Protection urged for post-war landmarks

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The Independent Online
JONATHAN GLANCEY

Architecture Correspondent

The spectacular span of the Severn Bridge is among the 67 post-war buildings which wererecommended for listing yesterday by English Heritage.

Should John Gummer, the Secretary of State for the Environment, take the conservation body's advice, the new candidates will join England'sexisting 447,891 listed buildings.

The latest heritage recommendations have been divided into four groups - churches, schools, public buildings and bridges. They include spectacular and well-known fixtures - such as the Severn Bridge - noble institutions like the Royal College of Physicians, in Regent's Park, London and a veritable congregation of churches, most of them little-known except to those who pray in them and the architectural historians at English Heritage who believe them worthy of protection.

Little known, perhaps, yet many of the churches John Gummer will cast his eyes over in the next few months were designed by some of England's finest 20th-century architects. Sir Gilbert Scott is best known for his designs for Liverpool Cathedral, Battersea Power Station and Waterloo Bridge, but he was also architect, in his seventies, of Our Lady of Mount Carmel (1954-59), a brick church on fashionable Kensington Church Street, London, rarely given a second glance by the frenzied shoppers and ladies- who-lunch, strutting past its arty-crafty doors.

Equally, Sir Edward Maufe has been much lauded for his austere Guildford Cathedral, yet, in the twilight of a distinguished career, he found a corner on his drawing board to design the much humbler St Mary-in-the- Park, Willingdon, near Eastbourne, Sussex.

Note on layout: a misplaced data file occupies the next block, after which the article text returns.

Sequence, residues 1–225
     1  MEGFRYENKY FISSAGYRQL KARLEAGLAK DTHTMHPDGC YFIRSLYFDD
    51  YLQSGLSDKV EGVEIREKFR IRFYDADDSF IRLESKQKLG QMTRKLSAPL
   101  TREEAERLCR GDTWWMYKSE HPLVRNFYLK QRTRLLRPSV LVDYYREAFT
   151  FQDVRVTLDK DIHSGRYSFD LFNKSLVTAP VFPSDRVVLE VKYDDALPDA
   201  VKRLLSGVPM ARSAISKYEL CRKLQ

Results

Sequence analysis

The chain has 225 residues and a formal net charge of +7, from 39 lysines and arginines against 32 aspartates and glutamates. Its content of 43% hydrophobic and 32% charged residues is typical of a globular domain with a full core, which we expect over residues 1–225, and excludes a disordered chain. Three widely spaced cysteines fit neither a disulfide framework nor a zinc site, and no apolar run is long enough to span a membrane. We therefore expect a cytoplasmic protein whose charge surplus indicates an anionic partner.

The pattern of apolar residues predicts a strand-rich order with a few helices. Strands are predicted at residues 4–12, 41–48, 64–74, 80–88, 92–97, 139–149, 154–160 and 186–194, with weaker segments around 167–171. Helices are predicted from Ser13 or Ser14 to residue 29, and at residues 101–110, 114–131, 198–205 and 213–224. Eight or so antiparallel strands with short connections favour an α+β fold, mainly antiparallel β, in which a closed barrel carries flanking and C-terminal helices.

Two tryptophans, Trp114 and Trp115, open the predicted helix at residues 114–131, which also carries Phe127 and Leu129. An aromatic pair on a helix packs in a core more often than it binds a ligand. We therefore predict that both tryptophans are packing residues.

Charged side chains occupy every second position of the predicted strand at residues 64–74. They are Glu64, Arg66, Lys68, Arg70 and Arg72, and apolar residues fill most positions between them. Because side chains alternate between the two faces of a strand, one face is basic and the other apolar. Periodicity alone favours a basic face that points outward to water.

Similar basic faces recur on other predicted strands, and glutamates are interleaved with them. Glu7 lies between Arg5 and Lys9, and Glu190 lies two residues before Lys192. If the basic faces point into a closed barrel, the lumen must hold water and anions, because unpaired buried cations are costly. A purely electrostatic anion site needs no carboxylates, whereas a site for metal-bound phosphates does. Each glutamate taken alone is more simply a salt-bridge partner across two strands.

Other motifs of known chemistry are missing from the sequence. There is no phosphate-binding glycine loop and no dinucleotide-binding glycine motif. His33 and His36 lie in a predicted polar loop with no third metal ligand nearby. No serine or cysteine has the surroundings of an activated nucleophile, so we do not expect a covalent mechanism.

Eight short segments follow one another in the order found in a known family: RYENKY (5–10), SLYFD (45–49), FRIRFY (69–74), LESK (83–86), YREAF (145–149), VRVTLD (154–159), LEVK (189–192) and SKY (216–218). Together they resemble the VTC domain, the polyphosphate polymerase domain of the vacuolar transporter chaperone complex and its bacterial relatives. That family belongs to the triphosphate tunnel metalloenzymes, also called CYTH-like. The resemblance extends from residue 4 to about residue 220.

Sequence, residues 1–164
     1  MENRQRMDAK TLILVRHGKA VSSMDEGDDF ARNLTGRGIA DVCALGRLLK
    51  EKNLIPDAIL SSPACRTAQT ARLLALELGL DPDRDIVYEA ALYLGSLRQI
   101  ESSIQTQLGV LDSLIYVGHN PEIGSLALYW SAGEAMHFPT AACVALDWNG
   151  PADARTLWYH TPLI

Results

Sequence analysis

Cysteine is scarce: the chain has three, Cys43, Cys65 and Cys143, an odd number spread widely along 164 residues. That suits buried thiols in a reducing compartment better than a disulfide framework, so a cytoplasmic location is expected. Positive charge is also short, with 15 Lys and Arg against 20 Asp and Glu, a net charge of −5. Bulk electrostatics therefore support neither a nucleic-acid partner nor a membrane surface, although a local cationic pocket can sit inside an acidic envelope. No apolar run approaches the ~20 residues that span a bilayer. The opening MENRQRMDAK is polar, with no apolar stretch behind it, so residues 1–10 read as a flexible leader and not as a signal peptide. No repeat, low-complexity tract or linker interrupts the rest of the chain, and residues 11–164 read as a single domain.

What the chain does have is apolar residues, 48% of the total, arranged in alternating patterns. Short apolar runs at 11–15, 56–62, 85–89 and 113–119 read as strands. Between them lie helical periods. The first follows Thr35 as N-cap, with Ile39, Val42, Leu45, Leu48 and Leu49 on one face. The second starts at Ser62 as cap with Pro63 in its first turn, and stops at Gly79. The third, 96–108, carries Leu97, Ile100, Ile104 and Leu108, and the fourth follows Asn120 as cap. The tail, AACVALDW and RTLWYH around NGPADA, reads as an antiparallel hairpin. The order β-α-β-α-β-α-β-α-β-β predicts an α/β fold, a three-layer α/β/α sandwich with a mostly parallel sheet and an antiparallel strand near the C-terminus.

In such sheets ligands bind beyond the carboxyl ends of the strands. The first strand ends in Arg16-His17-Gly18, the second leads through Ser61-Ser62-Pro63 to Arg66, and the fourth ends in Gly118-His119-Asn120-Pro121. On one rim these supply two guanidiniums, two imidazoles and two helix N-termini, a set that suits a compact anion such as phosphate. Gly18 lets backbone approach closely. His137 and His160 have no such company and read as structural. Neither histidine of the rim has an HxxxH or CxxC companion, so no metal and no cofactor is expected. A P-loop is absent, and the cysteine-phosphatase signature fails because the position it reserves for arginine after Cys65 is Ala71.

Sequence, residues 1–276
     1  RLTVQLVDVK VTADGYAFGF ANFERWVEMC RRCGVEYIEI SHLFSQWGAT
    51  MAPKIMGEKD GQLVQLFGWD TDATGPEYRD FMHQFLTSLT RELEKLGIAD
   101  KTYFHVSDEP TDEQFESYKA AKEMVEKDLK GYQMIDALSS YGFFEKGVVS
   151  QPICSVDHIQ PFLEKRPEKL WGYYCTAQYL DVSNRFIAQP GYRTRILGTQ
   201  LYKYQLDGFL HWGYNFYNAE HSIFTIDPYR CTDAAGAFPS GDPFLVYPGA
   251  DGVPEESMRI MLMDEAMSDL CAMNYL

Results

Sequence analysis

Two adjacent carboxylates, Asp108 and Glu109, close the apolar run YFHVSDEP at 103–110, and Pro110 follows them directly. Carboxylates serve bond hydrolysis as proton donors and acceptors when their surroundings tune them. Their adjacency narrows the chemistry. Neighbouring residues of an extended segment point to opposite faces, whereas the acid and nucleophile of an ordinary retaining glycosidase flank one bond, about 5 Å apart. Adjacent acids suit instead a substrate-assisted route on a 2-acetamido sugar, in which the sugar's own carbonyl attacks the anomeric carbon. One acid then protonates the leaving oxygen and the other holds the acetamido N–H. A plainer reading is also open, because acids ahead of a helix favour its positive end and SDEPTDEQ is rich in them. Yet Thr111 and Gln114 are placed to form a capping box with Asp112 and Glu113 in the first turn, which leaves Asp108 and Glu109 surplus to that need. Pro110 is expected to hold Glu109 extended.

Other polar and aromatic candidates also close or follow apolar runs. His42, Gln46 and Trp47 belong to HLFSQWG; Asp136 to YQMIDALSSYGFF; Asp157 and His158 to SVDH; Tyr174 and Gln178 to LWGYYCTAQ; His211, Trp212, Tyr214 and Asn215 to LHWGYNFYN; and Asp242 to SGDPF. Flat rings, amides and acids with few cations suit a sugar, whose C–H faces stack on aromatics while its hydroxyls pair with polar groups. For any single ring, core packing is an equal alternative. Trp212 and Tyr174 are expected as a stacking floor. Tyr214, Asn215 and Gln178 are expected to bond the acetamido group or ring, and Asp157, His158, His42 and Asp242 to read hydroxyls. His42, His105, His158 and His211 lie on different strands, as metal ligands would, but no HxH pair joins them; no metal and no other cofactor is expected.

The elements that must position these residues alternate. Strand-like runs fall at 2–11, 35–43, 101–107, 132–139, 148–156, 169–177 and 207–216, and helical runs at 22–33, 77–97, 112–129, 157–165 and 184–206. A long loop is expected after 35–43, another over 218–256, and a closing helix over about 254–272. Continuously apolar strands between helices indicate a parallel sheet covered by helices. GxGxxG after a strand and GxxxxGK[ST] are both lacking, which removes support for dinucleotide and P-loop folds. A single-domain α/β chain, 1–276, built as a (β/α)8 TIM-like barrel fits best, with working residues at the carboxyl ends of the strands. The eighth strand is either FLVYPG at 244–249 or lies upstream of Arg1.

To Maufe we also owe one special and unusual building in English Heritage's church group - the haunting Air Force Memorial on Coopers Hill, high above the spot on the River Thames at Runnymede where King John signed the Magna Carta In here are the names of those who, with no worthy body to save them for posterity, died flying during the Second World War.

Not only is English Heritage's list wide-ranging, stylistically and geographically, it is also open, for the first time, to public debate. The 67 recommendations are on show at an exhibition, from tomorrow until 23 March at the Royal Institute of British Architects, London. Forms will be provided for members of the public to give their views.

"This new challenge of deciding which modern buildings merit special attention involves us all", said Sir Jocelyn Stevens, chairman of English Heritage . "The politics and social trends of the Fifties and Sixties have recently been thoroughly re- examined. The period's art, music and fashion are experiencing a revival. Now is the time to re-appraise the architecture".

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